Filtering child collections with Entity Framework 4 and LINQ

Today I spent a stupid amount of time working on something that should have been incredibly simple. I’m working on a project that’s using Entity Framework 4 for its data access, and everything seems to be an uphill battle. I’m getting better with it, but today’s fun led me to post this Facebook status update:

Entity Framework 4, it would appear that you’re just like every other “awesome” technology from Microsoft that isn’t just a base language and compiler (I still love you c#/.net). Great looking from the outside, a steaming pile of dung on the inside once someone tries to use you for anything more than a flashy demo project.

Here’s the breakdown of what I was trying to accomplish:

  • I have three tables: Product, Item (child of Product, holds various sizes of the product – this is what the customer buys) and ItemPrice (a child of Item – Items can have customer specific pricing, but only one price is applicable at a time).
  • I’m showing a list of all items for a Product, including their price for a specific customer.

You can imagine the method signature:

List<Item> GetItemsByProductID(int productID, string customerCode)

You can probably also imagine the raw SQL that would accomplish this task. It’d take me roughly 15 seconds to write it. This, however, is an Entity Framework project! LINQ! NEW STUFF!!! IMAGINE THE POSSIBILITIES!!! <ahem>

Once it came time to write the LINQ query, I was stumped. If i just got the items and then Lazy-loaded the ItemPrices, I’d get all the prices for all the customers. Sure, I could filter this out, but it seems inefficient to pull all of that out and then discard all but one. I couldn’t join to the ItemPrice table, because some customers might not have pricing for all Items, but I’d still want them back in the results.

This is a problem that’s been solved – just ask Google. The usual solution goes something like this:

var result = (from item in entities.Items
    where item.ProductID == productID
    orderby item.Name
    select new {
        itemPrice = (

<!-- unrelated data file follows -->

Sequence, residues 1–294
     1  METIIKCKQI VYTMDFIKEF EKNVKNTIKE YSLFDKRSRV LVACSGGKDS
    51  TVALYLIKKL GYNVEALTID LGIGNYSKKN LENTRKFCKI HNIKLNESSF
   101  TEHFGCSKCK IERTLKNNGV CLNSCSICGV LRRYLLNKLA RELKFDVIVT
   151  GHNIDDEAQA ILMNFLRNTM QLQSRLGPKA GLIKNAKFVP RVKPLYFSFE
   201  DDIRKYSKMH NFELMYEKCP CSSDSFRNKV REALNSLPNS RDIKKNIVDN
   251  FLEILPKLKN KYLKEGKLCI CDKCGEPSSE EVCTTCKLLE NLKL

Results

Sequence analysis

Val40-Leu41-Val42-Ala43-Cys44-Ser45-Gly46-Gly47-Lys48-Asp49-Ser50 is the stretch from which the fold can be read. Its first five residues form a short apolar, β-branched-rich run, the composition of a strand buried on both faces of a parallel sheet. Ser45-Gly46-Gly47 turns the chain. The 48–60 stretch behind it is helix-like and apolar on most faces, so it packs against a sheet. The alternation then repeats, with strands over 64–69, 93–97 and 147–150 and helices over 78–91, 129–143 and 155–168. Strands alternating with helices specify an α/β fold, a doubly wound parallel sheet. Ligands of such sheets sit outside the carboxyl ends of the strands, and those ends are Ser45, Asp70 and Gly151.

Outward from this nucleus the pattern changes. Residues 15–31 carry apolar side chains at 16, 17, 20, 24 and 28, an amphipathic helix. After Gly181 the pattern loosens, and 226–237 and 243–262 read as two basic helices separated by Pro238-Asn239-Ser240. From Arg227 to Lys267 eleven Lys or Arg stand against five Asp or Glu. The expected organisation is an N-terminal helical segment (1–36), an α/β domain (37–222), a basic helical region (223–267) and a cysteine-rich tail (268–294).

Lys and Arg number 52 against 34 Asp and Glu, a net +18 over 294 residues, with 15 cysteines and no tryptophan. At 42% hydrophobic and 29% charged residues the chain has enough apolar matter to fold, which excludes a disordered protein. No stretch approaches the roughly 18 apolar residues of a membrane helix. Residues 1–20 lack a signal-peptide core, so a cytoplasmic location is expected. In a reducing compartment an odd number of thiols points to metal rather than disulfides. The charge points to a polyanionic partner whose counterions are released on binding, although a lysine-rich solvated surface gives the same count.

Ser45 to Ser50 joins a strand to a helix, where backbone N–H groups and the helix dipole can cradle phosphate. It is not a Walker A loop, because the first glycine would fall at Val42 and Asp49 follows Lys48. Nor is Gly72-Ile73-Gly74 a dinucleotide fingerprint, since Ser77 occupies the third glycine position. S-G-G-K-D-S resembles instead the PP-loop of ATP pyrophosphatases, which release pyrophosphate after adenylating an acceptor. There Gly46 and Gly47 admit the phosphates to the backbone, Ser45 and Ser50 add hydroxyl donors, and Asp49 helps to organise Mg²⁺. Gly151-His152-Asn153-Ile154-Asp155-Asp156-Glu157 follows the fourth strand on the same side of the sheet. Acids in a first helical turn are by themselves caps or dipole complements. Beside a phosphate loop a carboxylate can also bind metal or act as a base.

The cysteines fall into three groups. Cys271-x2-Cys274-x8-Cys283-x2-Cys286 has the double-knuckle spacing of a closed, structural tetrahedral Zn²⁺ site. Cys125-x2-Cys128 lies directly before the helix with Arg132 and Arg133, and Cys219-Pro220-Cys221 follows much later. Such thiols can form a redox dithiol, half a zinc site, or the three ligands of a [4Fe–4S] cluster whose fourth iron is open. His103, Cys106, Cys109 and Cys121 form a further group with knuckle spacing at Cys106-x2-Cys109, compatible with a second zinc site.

from itemPrice in item.ItemPrices where
            itemPrice.CustomerCode == rci.CustomerCode
            select itemPrice)

(Side note – how the hell are you supposed to format LINQ queries?)

AsEnumerable is required for some reason (I didn’t research exactly why because I was dead tired of dealing with this already). The idea is that you then select just the item part of the anonymous type into a list. Entity Framework will magically hook the item prices that were retrieved behind the scenes and you’ll be set. So doing this:

var items = result.Select(i =&gt; i.item).Distinct().ToList();

Should give me the results that I want (Distinct isn’t technically required in my case since I’m expecting a 1:1 matching) . However, when I tried this the anonymous type was fine (the itemPrice collections had exactly what I was looking for), but as soon as I hit the ItemPrices collection on an Item, Lazy Loading took over and all the Prices were loaded. Blergh.

The solution is easy enough – turn off Lazy Loading:

entities.ContextOptions.LazyLoadingEnabled = false;

Not one single post that had the solution in there mentioned this. NOT. ONE. It’s pretty obvious of course, but after an hour or two of feeling frustrated that this common lookup is cryptically hidden in LINQ/Entity Framework my mind wasn’t exactly thinking straight. I’m posting this not so much to call out the solution, but to call out the obvious for anyone that’s spending a stupid amount of time on this.

  1. This type of query would be easier if Filtered Include were implemented in EF. You can vote for the feature here:

  2. While we wait for this feature to be implemented, there appears to be a work around for now:
    var blog = context.Blogs.Find(1);

    // Load the posts with the ‘entity-framework’ tag related to a given blog
    .Collection(b => b.Posts)
    .Where(p => p.Tags.Contains(“entity-framework”)

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